• Unique new treatments and products offered at The Spa by Canyon Ranch, including three new Signature Couples’ treatments, Dyson Supersonic blow-outs at the Canyon Ranch Blow-Out Bar, Mink and Rapid Lash services, and new customized facials by Reveal Machine, among others
  • World-class retail offerings, including John Hardy Boutique, Kate Spade, and a new watch boutique featuring Shinola, Hublot and other Swiss watch brands

Celebrity Equinox is just the third revolutionary revitalisation for the brand. Celebrity Silhouette is next, scheduled for completion on 31st January 2020, with five more ships to be modernised by 2023.

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Emerging Canada Aboard Saga Sapphire: Montréal And Quebec City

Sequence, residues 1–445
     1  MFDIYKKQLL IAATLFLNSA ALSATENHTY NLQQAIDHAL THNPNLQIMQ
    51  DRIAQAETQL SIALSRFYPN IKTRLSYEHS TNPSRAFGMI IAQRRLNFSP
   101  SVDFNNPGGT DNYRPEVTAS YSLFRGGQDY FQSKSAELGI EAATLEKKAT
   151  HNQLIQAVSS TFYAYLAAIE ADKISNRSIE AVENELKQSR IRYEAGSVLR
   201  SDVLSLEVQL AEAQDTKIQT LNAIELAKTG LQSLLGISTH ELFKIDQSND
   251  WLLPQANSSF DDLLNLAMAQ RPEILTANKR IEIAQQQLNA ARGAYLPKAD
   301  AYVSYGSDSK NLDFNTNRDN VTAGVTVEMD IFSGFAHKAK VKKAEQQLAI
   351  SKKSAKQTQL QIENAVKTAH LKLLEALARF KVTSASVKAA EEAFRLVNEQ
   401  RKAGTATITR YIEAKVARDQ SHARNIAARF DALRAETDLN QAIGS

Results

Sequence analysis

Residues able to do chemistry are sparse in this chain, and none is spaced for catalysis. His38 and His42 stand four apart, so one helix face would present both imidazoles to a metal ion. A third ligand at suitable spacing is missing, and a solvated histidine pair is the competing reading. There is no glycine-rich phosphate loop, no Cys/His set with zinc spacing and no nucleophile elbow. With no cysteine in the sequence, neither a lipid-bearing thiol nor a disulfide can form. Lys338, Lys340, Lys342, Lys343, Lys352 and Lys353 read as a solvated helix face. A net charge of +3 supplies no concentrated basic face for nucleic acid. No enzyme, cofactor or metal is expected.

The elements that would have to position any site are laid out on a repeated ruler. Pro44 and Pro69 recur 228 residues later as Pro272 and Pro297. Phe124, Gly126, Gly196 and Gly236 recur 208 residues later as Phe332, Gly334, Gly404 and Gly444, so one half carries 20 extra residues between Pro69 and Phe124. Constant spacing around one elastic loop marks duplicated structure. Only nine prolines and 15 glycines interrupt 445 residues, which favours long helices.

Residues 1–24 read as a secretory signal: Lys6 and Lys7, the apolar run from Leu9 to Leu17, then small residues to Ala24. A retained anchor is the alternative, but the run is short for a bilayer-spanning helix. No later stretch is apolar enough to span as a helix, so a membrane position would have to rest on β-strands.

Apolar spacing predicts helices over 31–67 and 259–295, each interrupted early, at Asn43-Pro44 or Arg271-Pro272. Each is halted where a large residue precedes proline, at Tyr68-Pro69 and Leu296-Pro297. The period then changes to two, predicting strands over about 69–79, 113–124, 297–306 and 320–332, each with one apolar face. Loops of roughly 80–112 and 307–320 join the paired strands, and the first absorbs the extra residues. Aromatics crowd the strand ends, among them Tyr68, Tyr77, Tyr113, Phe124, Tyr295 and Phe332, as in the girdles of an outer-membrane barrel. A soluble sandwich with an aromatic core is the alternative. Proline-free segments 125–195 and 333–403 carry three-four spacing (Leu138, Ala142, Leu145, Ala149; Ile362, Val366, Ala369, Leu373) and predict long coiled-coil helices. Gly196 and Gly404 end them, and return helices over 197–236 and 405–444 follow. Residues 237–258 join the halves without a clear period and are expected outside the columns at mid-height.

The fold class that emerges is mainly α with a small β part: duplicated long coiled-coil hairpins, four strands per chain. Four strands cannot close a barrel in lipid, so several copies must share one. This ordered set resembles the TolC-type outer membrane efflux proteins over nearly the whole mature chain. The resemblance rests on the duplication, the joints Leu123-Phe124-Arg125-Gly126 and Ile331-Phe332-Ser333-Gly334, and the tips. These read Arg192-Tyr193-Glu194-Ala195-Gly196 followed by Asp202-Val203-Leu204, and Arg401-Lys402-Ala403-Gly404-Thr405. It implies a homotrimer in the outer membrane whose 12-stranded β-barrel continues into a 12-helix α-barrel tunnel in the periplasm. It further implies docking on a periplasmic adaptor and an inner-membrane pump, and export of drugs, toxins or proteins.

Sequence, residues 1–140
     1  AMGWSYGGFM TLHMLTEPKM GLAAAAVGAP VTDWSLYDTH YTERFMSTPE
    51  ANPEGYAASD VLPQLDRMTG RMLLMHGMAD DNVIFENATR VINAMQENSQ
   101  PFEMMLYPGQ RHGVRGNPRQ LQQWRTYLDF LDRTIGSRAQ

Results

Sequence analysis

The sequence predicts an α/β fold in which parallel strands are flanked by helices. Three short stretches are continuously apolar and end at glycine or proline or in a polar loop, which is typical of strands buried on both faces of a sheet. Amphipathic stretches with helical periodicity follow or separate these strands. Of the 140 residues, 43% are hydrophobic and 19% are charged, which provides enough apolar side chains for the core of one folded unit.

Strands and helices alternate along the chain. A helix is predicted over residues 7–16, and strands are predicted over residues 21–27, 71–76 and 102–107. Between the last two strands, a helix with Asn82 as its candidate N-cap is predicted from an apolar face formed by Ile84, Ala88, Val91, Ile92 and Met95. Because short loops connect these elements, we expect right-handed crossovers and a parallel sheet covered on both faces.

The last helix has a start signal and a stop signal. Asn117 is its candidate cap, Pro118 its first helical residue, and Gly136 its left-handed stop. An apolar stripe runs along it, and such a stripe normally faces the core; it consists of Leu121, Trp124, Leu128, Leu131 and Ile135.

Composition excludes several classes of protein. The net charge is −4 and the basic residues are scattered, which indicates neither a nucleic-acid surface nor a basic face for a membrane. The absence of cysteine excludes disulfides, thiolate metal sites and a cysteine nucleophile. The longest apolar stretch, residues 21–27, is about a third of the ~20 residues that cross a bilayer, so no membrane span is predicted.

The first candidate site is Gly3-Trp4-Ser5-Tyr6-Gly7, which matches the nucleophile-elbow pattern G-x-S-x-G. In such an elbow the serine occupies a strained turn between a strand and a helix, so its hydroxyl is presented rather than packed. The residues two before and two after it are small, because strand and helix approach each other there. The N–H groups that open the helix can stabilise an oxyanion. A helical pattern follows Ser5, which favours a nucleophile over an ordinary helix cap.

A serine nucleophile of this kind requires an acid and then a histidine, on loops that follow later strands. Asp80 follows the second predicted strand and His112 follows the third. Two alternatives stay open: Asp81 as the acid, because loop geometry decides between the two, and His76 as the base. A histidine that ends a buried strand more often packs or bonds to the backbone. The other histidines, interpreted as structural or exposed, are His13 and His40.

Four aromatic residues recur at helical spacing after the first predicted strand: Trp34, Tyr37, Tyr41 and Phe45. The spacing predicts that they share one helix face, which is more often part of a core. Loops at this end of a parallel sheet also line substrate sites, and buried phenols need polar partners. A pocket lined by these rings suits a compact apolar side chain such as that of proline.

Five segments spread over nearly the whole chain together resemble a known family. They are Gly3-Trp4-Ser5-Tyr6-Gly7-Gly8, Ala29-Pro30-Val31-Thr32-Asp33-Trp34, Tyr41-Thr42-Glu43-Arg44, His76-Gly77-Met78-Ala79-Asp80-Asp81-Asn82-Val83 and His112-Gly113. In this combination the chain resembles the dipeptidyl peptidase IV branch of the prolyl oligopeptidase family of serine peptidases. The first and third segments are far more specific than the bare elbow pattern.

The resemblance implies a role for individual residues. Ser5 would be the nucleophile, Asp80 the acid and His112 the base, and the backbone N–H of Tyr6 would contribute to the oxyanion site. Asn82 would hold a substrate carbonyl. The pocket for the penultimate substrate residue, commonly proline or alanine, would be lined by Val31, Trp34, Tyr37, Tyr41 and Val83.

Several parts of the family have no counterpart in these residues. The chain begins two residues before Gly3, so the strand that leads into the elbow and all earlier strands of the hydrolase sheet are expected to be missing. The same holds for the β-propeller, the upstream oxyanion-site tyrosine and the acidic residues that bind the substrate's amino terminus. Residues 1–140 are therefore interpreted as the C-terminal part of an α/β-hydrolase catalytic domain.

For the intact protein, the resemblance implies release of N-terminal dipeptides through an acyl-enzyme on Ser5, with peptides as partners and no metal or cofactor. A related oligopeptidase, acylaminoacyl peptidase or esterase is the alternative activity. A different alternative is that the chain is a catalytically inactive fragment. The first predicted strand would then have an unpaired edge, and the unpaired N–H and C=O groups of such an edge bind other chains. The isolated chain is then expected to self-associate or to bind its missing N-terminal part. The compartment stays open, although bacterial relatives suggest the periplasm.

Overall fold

We arrived in Montreal on the morning of May 26th and I was soon ashore, beginning my private tour courtesy of Tourisme Montréal. My guide’s name was Rene and he met me promptly in the terminal building at 9:30am.

We were soon on our way out of the port and into the Old Town. We quite literally went all over the city, but one place I really wanted to explore was Saint-Laurent Blvd.. So, off we went to see some of the giant mural street art paintings that are part of a larger festival held here. I found several on our drive and they were hugely impressive, especially the giant image of Leonard Cohen which adorned one side of a building.

After taking some snaps of the artwork, we made our way towards Le Village, one of the largest gay areas in all of North America. There are more than 100,000 coloured balls tied above the street and it was certainly an impressive sight to see, especially from above, as we crossed the bridge and made our way to the small island where the Grand Prix is held. We drove around here for a few minutes, even spotting a small fox, before driving back into the main city via Habitat 67.